Next was the beading which is Tasmanian Oak because it’s slightly stronger. The window beading has to be cut EXACTLY to the right size to limit sound transfer. As per the diagram I installed the beading so that both panes of glass are at offset angles vertically and horizontally.

After the beading was fixed we stained the frame and siliconed the joins. We used rubber seals to place either side of the 12mm laminate glass and then fixed more pre stained beading to the other side of the panes of glass. In between the panes I glued red felt and also sprinkled the obligatory silica crystals. If you've ever been to a studio and seen silica crystals or beads in the window and wondered what they are for - it's to absorb moisture.

After the beading was fixed we stained the frame and siliconed the joins. We used rubber seals to place either side of the 12mm laminate glass and then fixed more pre stained beading to the other side of the panes of glass. In between the panes I glued red felt and also sprinkled the obligatory silica crystals. If you’ve ever been to a studio and seen silica crystals or beads in the window and wondered what they are for – it’s to absorb moisture.

These windows are completely sound proof and look great.

These windows are completely sound proof and look great.

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The external window was a bit more difficult because we could only measure the outside pane of glass and had to make an educated guess of the dimensions of the inside pane. This was because we only had access from inside. The inside pane was very tight, but we managed to get it in by hammering the tight corner with a rubber mallet. It was a true testament to how thick and strong the glass was. We used 285mm pine and tasmanian oak for beading and the framing which was again stained with satin cedar.

The external window was a bit more difficult because we could only measure the outside pane of glass and had to make an educated guess of the dimensions of the inside pane. This was because we only had access from inside. The inside pane was very tight, but we managed to get it in by hammering the tight corner with a rubber mallet. It was a true testament to how thick and strong the glass was. We used 285mm pine for the frame and tasmanian oak for beading and which was again stained with satin cedar.

Again red felt was glued in between the panes.

Again red felt was glued in between the panes.

Silica crystals and second pane in.

Silica crystals and second pane in.

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The finished product.

The finished product.

Doors:

Sound proofing doors is a fair bit more difficult than windows. Lots of different methods are used to limit the transfer of sound. There are 3 doors in my studio, and we used different seals for every door. The door from the recording room to the control room was certainly the most difficult and we ended up taking it off and reinforcing it with more solid timber to achieve as little sound transfer as possible.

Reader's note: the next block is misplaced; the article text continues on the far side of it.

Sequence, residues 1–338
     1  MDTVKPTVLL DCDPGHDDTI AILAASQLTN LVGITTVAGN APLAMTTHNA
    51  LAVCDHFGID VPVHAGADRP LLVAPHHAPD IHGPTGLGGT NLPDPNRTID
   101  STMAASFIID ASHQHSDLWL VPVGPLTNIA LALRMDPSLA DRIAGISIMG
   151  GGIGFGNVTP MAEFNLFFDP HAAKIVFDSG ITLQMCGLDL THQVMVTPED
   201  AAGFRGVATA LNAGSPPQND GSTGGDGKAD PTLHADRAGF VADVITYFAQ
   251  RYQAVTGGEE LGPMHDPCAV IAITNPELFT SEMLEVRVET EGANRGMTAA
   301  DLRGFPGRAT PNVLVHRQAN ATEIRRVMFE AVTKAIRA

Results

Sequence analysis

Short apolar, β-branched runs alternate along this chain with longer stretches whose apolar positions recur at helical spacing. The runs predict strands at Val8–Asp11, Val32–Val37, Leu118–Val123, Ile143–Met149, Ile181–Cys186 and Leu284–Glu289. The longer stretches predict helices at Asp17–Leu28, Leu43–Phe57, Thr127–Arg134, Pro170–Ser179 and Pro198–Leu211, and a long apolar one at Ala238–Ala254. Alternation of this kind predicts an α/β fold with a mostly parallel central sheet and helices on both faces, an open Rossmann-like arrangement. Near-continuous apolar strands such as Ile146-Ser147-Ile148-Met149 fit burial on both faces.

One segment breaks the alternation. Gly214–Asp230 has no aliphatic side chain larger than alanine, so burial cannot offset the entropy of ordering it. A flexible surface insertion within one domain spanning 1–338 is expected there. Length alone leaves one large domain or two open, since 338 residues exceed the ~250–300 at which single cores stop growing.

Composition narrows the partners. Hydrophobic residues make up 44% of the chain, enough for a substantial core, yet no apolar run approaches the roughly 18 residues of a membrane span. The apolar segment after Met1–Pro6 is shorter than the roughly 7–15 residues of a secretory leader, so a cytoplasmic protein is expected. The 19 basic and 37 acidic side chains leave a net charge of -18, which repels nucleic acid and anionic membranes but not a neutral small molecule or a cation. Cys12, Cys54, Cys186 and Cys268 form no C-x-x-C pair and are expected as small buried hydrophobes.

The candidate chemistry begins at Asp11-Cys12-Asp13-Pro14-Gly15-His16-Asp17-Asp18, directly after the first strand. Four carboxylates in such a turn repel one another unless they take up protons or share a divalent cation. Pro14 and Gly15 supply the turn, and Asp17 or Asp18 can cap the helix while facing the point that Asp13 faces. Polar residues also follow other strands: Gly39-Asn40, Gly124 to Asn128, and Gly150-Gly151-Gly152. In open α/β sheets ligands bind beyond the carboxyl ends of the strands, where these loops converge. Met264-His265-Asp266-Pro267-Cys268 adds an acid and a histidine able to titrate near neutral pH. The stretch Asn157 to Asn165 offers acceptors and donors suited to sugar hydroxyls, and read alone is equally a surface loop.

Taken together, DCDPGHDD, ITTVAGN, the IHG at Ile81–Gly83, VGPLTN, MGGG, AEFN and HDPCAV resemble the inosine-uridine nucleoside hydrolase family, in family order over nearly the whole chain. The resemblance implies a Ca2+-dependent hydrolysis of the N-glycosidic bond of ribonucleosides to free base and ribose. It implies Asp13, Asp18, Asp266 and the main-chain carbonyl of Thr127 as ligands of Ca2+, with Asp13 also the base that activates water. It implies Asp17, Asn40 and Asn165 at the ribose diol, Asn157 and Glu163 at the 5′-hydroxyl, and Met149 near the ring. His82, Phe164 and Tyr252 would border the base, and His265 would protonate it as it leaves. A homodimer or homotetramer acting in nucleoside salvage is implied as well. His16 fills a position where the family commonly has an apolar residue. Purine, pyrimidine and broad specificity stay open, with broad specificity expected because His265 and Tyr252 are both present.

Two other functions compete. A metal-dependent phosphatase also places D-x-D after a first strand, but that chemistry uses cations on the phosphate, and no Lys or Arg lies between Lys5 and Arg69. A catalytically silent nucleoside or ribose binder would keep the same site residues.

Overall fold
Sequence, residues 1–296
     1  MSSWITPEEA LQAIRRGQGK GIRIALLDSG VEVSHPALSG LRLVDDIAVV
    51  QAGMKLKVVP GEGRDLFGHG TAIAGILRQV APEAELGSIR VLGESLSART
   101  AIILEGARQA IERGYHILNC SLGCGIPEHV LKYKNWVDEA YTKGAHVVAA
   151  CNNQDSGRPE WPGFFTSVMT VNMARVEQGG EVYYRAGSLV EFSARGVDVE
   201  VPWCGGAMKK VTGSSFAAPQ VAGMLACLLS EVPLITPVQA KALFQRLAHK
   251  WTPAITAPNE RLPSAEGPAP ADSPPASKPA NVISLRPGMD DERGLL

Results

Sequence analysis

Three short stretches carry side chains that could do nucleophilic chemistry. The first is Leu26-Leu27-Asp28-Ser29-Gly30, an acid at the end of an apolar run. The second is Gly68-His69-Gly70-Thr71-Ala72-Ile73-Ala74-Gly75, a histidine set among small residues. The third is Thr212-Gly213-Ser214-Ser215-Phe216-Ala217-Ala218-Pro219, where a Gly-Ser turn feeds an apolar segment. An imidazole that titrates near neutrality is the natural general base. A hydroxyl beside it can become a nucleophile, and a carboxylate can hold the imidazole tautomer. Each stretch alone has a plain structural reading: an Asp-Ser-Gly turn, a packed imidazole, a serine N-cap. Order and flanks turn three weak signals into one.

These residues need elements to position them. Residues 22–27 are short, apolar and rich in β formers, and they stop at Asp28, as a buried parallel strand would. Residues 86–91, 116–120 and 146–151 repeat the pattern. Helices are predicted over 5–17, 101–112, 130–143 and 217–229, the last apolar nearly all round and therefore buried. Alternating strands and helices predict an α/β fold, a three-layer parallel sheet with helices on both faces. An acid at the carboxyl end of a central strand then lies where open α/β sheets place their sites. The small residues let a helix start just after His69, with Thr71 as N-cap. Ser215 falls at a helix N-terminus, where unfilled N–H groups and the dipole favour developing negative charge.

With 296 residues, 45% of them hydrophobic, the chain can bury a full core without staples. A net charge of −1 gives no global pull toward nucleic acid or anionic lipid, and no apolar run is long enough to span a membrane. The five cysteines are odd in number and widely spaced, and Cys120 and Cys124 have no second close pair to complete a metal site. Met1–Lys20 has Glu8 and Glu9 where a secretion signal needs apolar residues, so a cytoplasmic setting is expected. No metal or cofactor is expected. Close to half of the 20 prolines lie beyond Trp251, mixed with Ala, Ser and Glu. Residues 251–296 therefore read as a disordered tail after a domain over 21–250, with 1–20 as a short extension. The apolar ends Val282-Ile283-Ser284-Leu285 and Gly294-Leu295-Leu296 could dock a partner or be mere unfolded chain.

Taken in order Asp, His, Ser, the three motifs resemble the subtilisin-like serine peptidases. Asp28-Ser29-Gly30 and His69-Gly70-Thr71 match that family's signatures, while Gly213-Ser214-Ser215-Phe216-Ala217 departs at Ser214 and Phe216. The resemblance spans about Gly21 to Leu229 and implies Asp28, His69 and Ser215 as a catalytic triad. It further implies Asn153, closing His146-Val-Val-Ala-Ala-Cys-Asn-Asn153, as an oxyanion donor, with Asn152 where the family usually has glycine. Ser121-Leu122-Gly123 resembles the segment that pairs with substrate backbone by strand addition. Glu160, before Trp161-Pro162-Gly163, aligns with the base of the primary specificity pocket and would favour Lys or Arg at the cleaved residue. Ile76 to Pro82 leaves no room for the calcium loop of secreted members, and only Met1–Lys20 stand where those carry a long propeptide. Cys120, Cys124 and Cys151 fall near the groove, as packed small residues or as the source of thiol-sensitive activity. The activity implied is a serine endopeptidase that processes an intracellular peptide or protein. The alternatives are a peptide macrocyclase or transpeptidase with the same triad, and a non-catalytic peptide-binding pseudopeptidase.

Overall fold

We used a solid piece of finger jointed pine then added a 15mm sheet of marine ply which we glued on with Ultranails. The 45mm total thickness is as thick as you can go to be able to use with a standard door handle. It was triple hinge hung because it was a seriously heavy door. We used a few types of different woods as pictured here all stained. Meranti was used for the door jamb, pine for the door stop, and tasmanian oak for the beading.

We used a solid piece of finger jointed pine then added a 15mm sheet of marine ply which we glued on with Ultranails. The 45mm total thickness is as thick as you can go to be able to use with a standard door handle. It was triple hinge hung because it was a seriously heavy door. We used a few types of different woods as pictured here all stained. Meranti was used for the door jamb, pine for the door stop, and tasmanian oak for the beading.

This is the door front the control room before I hung a bass trap on it.

This is the door from the control room before I hung a bass trap on it.

We originally fixed a handle and a ball bearing latch (commonly used for cupboards), but found that the door wasn;t staying shut after all of the seals were fixed so we then installed a proper door handle. The acoustic seals are attached to the door stop and create an air tight seal once the door is closed.

We originally fixed a handle and a ball bearing latch (commonly used for cupboards), but found that the door wasn’t staying shut after all of the seals were fixed so we then installed a proper door handle. The acoustic seals are attached to the door stop and create an air tight seal once the door is closed.